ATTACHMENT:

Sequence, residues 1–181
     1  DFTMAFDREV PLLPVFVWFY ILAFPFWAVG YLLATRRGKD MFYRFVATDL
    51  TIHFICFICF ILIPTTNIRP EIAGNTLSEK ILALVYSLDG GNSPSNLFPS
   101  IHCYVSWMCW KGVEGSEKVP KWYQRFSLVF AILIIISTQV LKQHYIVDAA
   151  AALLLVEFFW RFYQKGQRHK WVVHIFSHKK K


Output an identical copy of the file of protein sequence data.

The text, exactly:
Sequence, residues 1–181
     1  DFTMAFDREV PLLPVFVWFY ILAFPFWAVG YLLATRRGKD MFYRFVATDL
    51  TIHFICFICF ILIPTTNIRP EIAGNTLSEK ILALVYSLDG GNSPSNLFPS
   101  IHCYVSWMCW KGVEGSEKVP KWYQRFSLVF AILIIISTQV LKQHYIVDAA
   151  AALLLVEFFW RFYQKGQRHK WVVHIFSHKK K